Tag Archives: Research

Celiac Expert Answers – Could a Gluten-Free Diet Lead to Other Diseases? Video!

John Libonati Gluten Free Works

Weight loss, fad, miracle cure…there is an enormous amount of misinformation concerning the gluten-free diet in the news, on the internet and even in the medical community.

One of the worst ideas being perpetuated is that following a gluten-free diet can somehow be bad for you.

Dr. Stefano Guandalini, Founder and Medical Director of Columbia University’s Celiac Disease Center, answers the important question – Could following a gluten-free diet lead to other diseases?

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Olmesartan Blood Pressure Medicine Linked to Celiac Disease Type Villous Atrophy

Olmesartan Benicar Villous Atrophy Celiac DiseaseI just received an email from the Celiac Disease Research Center at Columbia University regarding a study showing a possible association between a blood pressure medication and villous atrophy. The blood pressure medication is called olmesartan and it is also known as Benicar, Benicar HCT, Azor, and Olmetec.

According to this article, the three-year study was conducted by the Mayo Clinic in Rochester, Minnesota and it included 22 patients who had symptoms of celiac disease, but antibody blood tests did not support that diagnosis. During this study patients improved with discontinuation of the drug, while a gluten-free diet had had no impact on their Read More »

Medical Research Study to Test a Potential Celiac Disease Therapy Is Underway and Signing up Participants

There is no cure for celiac disease. But, there may soon be a new therapy to go along with a gluten-free diet.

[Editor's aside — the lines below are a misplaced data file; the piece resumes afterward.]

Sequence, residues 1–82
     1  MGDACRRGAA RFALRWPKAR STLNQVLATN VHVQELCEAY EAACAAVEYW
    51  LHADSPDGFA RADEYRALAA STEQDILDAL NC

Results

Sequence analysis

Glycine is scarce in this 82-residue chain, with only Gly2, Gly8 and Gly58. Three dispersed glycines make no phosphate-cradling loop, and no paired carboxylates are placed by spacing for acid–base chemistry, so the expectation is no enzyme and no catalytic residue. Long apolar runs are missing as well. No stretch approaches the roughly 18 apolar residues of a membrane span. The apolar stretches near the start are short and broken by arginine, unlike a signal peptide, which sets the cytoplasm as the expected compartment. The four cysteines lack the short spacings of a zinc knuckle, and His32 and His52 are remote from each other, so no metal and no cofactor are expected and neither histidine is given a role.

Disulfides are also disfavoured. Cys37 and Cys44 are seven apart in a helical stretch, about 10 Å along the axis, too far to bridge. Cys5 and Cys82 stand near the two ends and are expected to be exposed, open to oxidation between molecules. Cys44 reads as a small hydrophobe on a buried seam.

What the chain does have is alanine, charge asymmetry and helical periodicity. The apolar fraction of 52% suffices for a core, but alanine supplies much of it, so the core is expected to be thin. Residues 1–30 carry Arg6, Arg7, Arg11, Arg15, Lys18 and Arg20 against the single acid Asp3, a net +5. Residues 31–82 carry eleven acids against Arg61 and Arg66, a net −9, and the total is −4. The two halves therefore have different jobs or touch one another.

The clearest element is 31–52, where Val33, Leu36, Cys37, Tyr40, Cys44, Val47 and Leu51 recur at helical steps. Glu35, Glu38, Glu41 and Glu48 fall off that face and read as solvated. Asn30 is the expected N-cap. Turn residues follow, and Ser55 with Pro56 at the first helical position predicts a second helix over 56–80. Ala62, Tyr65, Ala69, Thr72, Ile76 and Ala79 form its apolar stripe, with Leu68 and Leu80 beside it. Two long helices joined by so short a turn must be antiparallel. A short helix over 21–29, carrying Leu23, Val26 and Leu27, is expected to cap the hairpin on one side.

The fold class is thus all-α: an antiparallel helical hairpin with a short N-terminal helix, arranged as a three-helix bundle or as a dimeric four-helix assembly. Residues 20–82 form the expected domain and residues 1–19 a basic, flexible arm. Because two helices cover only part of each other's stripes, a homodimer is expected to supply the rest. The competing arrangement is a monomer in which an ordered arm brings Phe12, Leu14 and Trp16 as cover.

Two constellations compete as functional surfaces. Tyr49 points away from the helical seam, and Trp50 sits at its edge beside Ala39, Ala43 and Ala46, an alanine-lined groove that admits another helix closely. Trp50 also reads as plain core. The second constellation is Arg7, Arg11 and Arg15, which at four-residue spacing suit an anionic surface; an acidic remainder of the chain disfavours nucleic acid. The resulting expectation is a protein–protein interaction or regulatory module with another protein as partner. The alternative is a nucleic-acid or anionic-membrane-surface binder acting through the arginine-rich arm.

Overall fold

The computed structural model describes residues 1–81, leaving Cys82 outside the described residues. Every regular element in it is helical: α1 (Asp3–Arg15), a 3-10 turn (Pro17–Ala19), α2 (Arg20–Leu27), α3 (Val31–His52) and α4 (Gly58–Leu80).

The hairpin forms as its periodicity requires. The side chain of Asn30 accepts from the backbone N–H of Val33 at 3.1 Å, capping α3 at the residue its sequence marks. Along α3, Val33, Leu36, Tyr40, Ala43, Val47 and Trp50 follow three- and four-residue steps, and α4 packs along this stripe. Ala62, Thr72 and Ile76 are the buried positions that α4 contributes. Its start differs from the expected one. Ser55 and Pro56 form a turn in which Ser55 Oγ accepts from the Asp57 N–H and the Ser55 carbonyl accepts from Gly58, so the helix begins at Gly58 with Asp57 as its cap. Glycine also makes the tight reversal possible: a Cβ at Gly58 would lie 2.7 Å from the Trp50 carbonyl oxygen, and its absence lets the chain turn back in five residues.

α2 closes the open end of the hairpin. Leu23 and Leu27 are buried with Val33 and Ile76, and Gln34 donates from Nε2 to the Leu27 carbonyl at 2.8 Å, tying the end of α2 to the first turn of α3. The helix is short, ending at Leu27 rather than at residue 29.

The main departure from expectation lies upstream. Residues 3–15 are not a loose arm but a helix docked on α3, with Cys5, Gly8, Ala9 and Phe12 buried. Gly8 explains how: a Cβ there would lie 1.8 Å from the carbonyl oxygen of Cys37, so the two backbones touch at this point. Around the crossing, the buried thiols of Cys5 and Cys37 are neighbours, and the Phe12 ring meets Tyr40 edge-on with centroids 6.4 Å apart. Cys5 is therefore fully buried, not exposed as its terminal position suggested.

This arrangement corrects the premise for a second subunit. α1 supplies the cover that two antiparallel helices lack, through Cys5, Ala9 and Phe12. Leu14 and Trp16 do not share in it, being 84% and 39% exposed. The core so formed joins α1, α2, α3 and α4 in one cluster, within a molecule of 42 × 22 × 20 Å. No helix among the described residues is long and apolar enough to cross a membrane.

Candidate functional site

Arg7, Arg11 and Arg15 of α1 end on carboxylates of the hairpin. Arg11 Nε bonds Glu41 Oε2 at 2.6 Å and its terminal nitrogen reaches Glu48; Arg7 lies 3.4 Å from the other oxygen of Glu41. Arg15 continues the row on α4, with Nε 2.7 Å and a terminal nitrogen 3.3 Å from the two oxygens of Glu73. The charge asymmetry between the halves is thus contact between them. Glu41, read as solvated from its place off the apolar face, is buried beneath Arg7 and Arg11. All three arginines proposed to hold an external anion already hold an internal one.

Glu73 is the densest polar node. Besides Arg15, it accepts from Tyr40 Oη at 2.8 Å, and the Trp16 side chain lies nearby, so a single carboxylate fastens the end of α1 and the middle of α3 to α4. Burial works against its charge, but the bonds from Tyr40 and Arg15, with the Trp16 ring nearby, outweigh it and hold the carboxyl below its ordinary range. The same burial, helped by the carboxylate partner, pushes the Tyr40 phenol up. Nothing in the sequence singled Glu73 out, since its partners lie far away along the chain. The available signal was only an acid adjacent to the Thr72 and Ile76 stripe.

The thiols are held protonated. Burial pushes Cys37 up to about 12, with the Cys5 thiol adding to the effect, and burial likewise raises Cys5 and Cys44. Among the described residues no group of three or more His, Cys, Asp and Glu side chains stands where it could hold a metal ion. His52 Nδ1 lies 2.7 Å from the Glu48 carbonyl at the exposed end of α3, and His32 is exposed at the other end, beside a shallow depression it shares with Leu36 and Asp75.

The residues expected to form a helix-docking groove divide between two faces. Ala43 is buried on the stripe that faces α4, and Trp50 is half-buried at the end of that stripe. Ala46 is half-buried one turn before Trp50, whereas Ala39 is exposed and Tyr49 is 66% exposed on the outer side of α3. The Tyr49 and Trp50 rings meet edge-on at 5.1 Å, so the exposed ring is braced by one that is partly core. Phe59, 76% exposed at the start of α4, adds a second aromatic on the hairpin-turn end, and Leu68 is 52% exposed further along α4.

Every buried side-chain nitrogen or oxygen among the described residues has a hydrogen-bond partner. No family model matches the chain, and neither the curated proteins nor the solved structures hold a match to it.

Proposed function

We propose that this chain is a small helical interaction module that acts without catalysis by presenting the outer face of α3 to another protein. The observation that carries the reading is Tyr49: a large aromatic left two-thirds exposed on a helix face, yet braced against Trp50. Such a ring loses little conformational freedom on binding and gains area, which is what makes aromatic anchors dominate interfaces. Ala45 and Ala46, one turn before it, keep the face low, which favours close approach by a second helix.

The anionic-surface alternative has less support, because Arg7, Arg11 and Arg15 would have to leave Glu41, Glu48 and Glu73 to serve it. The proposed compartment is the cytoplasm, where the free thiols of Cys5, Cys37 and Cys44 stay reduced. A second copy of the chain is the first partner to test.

A Phase II medical research study to test a potential therapy for people with celiac disease is underway and signing up participants at CeliacTrial.com.

celiac disease fasano

Alessio Fasano, MD. Co-founder of Alba Therapeutics

The investigational drug, Larazotide Acetate, was developed by Alba Therapeutics. It passed Phase I trials and is now being studied to determine how effective it is in different doses and whether side effects develop. Alba Therapeutics was co-founded by celiac disease researcher, Dr. Alessio Fasano, director of the Celiac Disease Center at the University of Maryland.1

The therapy is based on Dr. Fasano’s discovery that tight junctions between cells in the intestine can be opened or closed and that gluten relaxes these junctions. It is this process that leads to gluten improperly crossing into the body, thereby eliciting an immune reaction that leads to inflammation and damage characteristic of celiac disease.

“The reality is that the paracellular space is a gate, not a wall or fence. And if material gets through that space – even if it is only 1 to 5% of what normally travels through the cell – it could be associated with disease.”
-Alessio Fasano, MD1

Dr. Fasano discovered the potentially therapeutic utility of down-regulating intestinal permeability of celiac disease.1 In other words, he discovered that Read More »

Family Members of Persons with Celiac Disease Wanted for Research Study (STUDY IS CLOSED)

Gluten Free Works Jennifer Harris

(Editor’s Note: This study is closed.)

I just learned of a new study being conducted by The National Foundation for Celiac Awareness (NFCA) and Beth Israel Deaconess Medical Center (BIDMC) in Boston, Massachusetts to better understand the attitudes and beliefs of family members of persons with celiac disease.

More information on the study and how you can get involved follows: